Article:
As someone who came to the UK from Spain 17 years ago to work as a school teacher, it saddens me that the number of British students taking languages has steadily declined over that period. I am fortunate to have worked in schools in both the state and private sector where the learning of languages is considered prestigious by both the senior leadership team and parents. But for the country as a whole the outlook is less positive with the number of entries for modern foreign languages (MFL) continuing to fall.
In March 2019, when Britain leaves the EU, many aspects of life that we have taken for granted for over 40 years will have to be re-negotiated with our European neighbours. We will no longer have a seat at the ‘top table’ as a key member of the EU; not only will we be going it alone economically, but also – crucially – linguistically. Make no mistake, not knowing how to speak another language will have a direct impact on our prosperity. In the new dynamic, trade talks may not necessarily be carried out in the medium of English. We are going to need people who can talk with their European counterparts in their own tongue, yet with an estimated three-quarters of UK adults unable to speak another of the world’s major languages well enough to hold a conversation there is an obvious discrepancy. It is almost as if in the UK learning languages is considered an intellectual pursuit rather than a useful skill. It will not be a question of just talking that bit louder or gesticulating more animatedly; you buy in your own language and you sell in your customer’s, as the saying goes.
At the same time as the country is managing the changes wrought by Brexit, schools are also facing a major MFL recruitment crisis with a sharp decline in the number of students taking foreign language A-levels and going on to study the subject at university. Meanwhile, it is estimated nearly 3,500 extra language teachers are needed to meet the government’s demand that modern foreign languages are included in the English Baccalaureate. The answer, I believe, is a change of approach to language learning. Since 2014 children aged seven to 11 are expected to study one foreign language for one hour per week which is a step forward. But I would argue that it is not enough. My experience of learning languages back in my home country placed the acquisition of another tongue to be at the core of a student’s learning journey from primary school. I believe we must start teaching languages as ‘core subjects’ at a young age in the same way as we do maths, science and English. It would make the leap to taking a GCSE in a language subject much less onerous and make the subject feel less alien to students. In addition, we must break the common misconception about language learning and make the experience a relevant one with lots of ‘fun’ elements added to it, including project work and links with partner schools on the continent.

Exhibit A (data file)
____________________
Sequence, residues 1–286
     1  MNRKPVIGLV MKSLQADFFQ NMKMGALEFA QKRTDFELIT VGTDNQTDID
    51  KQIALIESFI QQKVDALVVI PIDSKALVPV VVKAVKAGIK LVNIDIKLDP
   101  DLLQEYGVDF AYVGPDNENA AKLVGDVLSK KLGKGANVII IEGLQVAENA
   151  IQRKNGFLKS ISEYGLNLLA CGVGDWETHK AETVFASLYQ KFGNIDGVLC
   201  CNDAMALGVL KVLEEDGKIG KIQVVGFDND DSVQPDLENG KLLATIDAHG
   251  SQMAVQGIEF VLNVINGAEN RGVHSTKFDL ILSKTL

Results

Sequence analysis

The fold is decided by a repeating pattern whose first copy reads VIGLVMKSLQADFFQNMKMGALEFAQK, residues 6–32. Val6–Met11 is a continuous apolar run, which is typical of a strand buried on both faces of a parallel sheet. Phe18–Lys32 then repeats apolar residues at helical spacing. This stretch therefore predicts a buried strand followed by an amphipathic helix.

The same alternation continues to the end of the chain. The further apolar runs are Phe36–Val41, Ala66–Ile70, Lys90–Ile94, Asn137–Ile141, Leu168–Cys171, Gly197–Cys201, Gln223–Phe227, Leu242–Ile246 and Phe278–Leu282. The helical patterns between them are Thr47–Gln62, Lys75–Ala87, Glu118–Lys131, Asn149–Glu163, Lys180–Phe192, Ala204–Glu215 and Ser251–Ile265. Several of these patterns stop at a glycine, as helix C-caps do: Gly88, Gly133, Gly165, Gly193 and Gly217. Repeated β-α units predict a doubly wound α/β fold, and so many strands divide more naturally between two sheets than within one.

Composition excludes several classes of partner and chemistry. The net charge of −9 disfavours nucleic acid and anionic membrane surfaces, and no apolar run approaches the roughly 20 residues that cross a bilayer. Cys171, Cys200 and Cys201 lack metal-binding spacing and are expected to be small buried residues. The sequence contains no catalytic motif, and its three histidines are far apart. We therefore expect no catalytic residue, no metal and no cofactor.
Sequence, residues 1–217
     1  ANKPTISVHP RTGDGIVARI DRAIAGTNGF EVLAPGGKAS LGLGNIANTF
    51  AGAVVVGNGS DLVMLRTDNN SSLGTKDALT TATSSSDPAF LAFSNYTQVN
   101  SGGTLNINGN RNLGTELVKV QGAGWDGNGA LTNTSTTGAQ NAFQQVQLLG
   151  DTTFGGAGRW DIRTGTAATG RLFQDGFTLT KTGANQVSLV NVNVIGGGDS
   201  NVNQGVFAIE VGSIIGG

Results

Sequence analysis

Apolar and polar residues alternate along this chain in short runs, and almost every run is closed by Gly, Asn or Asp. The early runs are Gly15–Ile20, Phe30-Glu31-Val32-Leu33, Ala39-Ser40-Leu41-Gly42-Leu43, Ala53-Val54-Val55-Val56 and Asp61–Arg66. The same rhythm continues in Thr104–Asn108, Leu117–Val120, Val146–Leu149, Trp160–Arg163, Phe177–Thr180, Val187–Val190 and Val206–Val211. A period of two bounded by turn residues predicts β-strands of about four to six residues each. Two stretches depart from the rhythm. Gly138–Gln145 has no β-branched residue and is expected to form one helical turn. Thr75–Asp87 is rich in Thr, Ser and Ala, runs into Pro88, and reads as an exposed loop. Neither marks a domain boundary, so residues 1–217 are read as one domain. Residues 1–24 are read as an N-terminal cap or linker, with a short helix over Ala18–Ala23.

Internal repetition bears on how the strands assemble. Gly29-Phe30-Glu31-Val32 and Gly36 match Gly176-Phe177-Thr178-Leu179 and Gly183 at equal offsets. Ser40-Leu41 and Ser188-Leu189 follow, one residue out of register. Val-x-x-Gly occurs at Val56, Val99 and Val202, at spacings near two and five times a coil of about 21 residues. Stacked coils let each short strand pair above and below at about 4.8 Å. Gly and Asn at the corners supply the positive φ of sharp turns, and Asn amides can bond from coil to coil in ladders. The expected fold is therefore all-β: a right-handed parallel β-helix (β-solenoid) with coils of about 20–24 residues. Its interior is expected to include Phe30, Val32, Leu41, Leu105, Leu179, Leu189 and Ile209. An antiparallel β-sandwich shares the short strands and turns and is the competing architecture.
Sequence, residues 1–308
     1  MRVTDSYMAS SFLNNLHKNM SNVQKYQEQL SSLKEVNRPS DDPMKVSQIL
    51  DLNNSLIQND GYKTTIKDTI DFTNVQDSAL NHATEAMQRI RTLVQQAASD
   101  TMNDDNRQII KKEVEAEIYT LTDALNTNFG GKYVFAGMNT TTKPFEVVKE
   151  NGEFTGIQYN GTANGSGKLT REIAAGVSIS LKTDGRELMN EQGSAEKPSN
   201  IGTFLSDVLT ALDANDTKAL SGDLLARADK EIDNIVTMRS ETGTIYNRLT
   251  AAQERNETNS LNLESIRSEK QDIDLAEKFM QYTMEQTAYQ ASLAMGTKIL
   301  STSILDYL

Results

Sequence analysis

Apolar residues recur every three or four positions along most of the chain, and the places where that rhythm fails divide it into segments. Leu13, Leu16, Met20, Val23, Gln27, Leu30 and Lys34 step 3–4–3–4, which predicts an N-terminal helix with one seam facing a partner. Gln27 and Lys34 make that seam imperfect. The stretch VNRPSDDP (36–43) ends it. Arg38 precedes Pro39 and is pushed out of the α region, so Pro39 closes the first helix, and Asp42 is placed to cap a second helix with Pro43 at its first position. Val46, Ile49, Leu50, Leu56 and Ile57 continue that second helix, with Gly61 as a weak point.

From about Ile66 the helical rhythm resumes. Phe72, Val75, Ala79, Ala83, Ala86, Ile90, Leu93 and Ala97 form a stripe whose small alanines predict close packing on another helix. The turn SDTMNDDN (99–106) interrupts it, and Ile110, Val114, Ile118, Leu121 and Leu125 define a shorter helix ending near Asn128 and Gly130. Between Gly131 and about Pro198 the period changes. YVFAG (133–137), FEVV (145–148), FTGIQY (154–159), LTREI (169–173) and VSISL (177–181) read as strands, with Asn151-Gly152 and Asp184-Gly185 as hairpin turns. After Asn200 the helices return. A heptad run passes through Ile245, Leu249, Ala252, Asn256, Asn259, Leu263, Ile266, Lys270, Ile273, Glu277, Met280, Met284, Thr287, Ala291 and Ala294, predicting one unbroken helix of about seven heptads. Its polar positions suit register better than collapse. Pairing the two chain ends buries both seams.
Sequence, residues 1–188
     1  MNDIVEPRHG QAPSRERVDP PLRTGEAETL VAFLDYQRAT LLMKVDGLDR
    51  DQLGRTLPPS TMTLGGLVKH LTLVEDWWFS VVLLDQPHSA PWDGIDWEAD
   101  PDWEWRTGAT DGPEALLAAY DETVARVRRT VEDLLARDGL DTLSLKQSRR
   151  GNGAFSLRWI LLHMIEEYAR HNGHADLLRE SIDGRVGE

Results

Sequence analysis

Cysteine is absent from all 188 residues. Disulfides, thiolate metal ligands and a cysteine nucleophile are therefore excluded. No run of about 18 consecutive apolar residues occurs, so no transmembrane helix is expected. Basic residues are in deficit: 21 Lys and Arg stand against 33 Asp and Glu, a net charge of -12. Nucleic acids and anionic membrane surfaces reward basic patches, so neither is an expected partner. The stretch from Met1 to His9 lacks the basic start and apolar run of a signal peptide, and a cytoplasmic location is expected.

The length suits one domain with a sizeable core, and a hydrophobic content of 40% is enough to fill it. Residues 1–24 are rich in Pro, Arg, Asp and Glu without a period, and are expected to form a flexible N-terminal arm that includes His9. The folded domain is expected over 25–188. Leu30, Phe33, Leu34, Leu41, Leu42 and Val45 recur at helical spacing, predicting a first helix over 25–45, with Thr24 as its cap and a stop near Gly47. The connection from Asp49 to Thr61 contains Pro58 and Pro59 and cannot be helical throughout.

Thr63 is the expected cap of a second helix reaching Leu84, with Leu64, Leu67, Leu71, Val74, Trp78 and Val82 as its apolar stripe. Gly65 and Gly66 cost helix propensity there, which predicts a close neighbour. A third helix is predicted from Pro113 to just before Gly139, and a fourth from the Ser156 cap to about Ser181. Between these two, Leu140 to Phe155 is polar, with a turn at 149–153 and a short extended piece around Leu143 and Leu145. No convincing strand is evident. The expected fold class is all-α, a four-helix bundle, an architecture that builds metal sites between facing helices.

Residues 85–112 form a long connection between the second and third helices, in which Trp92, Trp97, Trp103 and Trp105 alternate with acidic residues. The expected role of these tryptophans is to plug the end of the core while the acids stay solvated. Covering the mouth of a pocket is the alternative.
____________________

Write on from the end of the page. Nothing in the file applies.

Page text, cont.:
For some people learning a modern foreign language can be tough, but it is one of the most rewarding things you can do. Studies by Harvard University show that learning additional languages increases critical thinking skills, creativity and flexibility of the mind in young children. With Brexit on the horizon employers are desperate to recruit speakers of foreign languages. We are all travelling more. The ability to speak another language provides a means of entry into other cultures, as well as job opportunities. Now is the time to put languages at the top of the education agenda.
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